Peter Lindbergh, the man known for shooting some of the most iconic images that propelled the careers of countless mega-supermodels has sadly passed, leaving a legendary legacy behind.
Lindbergh’s passing was confirmed in a post shared on his official Instagram account last Wednesday. His cause of death is not yet known.
“It is with great sadness that we announce the passing of Peter Lindbergh on September 3rd 2019, at the age of 74,” the message read.
Lindbergh’s photography shaped the 90s fashion industry, otherwise known as fashion’s Golden Age, and directly facilitated the rise of household names such as Kate Moss, Naomi Campbell, Linda Evangelista, Cindy Crawford, and many more.
His work is what can be described as the sliver of raw, honest and untouched beauty in an industry that celebrates retouching the authenticity out of images.
Lindbergh once said: “A fashion photographer should contribute to defining the image of the contemporary woman or man in their time, to reflect a certain social or human reality. How surrealistic is today’s commercial agenda to retouch all signs of life and of experience, to retouch the very personal truth of the face itself?”
Lindbergh was born in Nazi-occupied Leszno, western Poland in 1944. After his family was forced to flee, he spent his childhood Duisburg, Germany and left school at 14 to work as a window dresser at a local department store.
At 18 he moved to Switzerland to avoid military service and eventually settled in Berlin and enrolled at the Berlin Academy of Fine Arts where he fell in love with art and music.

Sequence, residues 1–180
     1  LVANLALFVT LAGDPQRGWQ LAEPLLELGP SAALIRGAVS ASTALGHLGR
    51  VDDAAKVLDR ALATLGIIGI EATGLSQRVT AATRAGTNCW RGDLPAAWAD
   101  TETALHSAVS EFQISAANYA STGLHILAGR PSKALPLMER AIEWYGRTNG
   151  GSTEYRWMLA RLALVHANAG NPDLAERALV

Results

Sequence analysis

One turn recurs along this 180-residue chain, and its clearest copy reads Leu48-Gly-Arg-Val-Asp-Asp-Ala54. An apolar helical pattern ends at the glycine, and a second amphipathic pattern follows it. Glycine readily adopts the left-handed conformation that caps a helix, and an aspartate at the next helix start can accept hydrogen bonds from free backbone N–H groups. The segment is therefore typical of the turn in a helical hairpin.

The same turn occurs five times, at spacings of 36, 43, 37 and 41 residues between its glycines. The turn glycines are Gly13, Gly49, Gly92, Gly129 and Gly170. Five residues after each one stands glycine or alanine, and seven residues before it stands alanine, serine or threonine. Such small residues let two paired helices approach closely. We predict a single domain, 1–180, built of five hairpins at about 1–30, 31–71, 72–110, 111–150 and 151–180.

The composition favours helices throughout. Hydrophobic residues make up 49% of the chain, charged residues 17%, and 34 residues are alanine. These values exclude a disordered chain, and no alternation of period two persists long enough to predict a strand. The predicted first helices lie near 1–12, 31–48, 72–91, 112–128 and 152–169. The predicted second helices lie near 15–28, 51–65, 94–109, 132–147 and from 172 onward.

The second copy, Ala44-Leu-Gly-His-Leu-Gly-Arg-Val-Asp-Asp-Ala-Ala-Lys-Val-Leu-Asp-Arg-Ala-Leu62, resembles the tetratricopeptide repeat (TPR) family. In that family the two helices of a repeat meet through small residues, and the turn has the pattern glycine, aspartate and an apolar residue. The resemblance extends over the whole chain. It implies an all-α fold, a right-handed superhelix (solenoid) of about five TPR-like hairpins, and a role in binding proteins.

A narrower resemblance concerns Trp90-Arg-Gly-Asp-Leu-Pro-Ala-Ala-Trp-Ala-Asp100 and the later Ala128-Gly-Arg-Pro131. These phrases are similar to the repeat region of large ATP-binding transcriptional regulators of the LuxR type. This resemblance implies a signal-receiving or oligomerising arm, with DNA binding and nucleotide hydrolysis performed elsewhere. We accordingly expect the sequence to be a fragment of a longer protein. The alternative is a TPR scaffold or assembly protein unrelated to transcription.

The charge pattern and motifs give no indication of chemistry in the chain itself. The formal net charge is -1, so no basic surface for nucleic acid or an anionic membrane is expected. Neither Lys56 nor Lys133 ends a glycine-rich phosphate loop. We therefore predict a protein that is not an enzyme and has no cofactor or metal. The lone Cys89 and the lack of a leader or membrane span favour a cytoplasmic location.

Lindbergh told The Guardian in 2016: “I was like a dry towel, I sucked up everything.”
Lindbergh left the Berlin Academy in a very Van Gogh-like fashion to hitchhike his way to Arles, then through Europe and North Africa, where he spent eight months painting and selling his work at local markets.
Returning to Berlin, he worked as an assistant to German photographer Hans Lux for two years, before opening his first photography studio in 1973. From there, Lindbergh honed his talent and signature style of photography, landing his first ad campaign for VW Golf, then his first fashion shoot for Stern magazine in 1978.
Lindbergh, whose permanent home became Paris, continued to work in relative privacy as he continued to challenge industry standards and urged the public to concentrate on his work not his private life.
As one of the most prolific photographers of his generation, Lindbergh’s career spanned almost 50 years and saw him capturing the essence and humanity of his subjects in a way that is yet to be matched in the industry.
His trademark work, showcasing typically bare-faced models in black-and-white, is both timeless and revolutionary.
“It was time to question that stereotype and move towards a kind of beauty more linked to the personality of the woman rather than the status symbol…..This should be the responsibility of photographers today: to free women, and finally everyone, from the terror of youth and perfection,” Lindbergh said.
Prior to his passing, Lindbergh had shot portraits of the women who appeared on the cover of British Vogue’s September issue of 2019, which was guest-edited by the Duchess Meghan of Sussex.
The Duchess paid tribute to Lindbergh on Thursday, on her official Instagram account shared with her husband, Prince Harry.
View this post on Instagram
Honouring the life and work of photographer Peter Lindbergh. His work is revered globally for capturing the essence of a subject and promoting healthy ideals of beauty, eschewing photoshopping, and preferring natural beauty with minimal makeup. The Duchess of Sussex had worked with Peter in the past and personally chose him to shoot the 15 women on the cover for the September issue of British Vogue, which she guest edited. There is no other photographer she considered to bring this meaningful project to life. • “Forces for Change” was the one of the esteemed photographer’s final published projects. He will be deeply missed. Photo © @therealpeterlindbergh / © SussexRoyal
Take a look at Lindbergh’s iconic images below in tribute of the great photographer.
Photo Credit: Peter Lindbergh
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